What is driving these shifts? In a January 28, 2012 New York Times Op-Ed piece Made
in the World , Thomas Friedman argues, “Many CEOs, …increasingly see the world as a place where their products can be made anywhere through global supply chains (often assembled with nonunion-protected labor) and sold everywhere.” Globally integrated supply chains are transforming traditional business models and shifting yesterday’s outsourcing choices and trade-offs.
Mr. Friedman provides a provocative perspective. But, is this really happening?
The transfer of control of a process, product, or service to an external provider can take a variety of forms. The value in strategic outsourcing can include an organization’s ability to:
Improve services delivery
Engage in strategic partnerships that enable innovation, growth, and desired business outcomes
Traditional strategic outsourcing has often centered on transferring services to an external services provider with a focus on cost reduction. Outsourcing models are changing in new ways - why? What is driving these shifts and what can an organization do to capitalize on these changes?
Our team at the IBM Center for Applied Insights set out earlier this year to investigate market changes, identify emerging trends, and develop evidence-based research that explores how forward-thinking companies are responding to these trends.
Our premise is that the changing global dynamic, combined with technology-driven market shifts, is creating an opportunity for organizations to move beyond sourcing primarily for cost advantage to partnering for competitive advantage and desired business outcomes. Some of the technology-fueled market shifts reshaping the outsourcing landscape include:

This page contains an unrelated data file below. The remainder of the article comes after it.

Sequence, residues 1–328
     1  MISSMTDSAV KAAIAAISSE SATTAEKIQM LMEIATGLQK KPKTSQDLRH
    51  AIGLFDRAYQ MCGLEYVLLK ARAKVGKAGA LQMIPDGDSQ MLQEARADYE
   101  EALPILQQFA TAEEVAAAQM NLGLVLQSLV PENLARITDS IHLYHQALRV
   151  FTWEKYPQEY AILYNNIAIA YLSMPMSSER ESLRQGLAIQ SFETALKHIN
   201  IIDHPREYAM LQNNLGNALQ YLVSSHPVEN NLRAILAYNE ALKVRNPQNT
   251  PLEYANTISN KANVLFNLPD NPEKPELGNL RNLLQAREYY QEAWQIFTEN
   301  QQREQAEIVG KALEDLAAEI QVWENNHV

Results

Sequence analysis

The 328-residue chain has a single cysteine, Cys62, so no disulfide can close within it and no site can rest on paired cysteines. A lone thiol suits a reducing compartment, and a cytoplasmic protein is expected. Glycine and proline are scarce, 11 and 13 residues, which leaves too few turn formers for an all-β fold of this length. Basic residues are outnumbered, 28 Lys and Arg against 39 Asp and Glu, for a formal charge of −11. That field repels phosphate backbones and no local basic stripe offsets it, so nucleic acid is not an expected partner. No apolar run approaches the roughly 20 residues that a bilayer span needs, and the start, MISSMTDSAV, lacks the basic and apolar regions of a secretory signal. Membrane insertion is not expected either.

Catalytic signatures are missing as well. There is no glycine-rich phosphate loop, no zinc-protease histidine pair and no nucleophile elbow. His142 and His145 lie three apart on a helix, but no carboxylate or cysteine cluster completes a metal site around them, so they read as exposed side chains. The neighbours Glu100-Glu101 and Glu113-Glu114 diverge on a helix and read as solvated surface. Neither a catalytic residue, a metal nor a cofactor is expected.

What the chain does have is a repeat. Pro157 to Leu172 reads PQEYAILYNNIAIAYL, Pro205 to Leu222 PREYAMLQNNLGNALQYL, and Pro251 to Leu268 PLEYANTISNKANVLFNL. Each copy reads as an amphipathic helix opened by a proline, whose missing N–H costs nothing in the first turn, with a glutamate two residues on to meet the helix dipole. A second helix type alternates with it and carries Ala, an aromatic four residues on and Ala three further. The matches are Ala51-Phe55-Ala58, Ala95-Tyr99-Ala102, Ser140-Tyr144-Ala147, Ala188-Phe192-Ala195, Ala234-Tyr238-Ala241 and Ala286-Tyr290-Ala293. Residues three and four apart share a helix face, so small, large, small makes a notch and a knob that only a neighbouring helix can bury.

New and disruptive business models are changing how business is done
Empowered consumers are driving companies to deliver customized client experiences to build enduring loyalty
Big data generated from multiple sources is changing how organizations make decisions and leverage predictive insights for competitive advantage
Recently, IBM conducted a survey of 97 C-Suite Sourcing executives and found that seven out of ten plan to outsource for strategic reasons like driving growth and innovation. Based on their chief motivation, we categorized these organizations as:
Cost-cutters–27 percent outsource their IT infrastructure to reduce operations costs
Growth-seekers–37 percent outsource IT infrastructure, application management or business processes to achieve operational efficiencies and revenue growth
Innovators–36 percent outsource multiple parts of the business to enable transformation and innovation
What we found most interesting was the progression of objectives across these three groups. Cost-cutters indicate they want one primary outcome from their sourcing relationships: cost savings. The majority of growth-seekers want to reduce costs, but also faster time to market for new products and services, and increased efficiency and effectiveness across the entire value chain. Innovators expect all of the above–and more. In addition to cost reduction, speed-to-market, and value chain efficiency, the majority of innovators want providers to help them:
Drive front-office effectiveness (not just back-office)
Better anticipate and respond to disruptive technological changes or market forces
Proactively manage risk, compliance and security via technologies like predictive analytics
Share risks and rewards based on business outcomes
Susanne Hupfer Client Insights, Consultant IBM Center for Applied Insights
Ever wonder what makes one infographic hit the mark and another one miss? There's more science to it than you might think.
Information graphics – visual representations of information, data,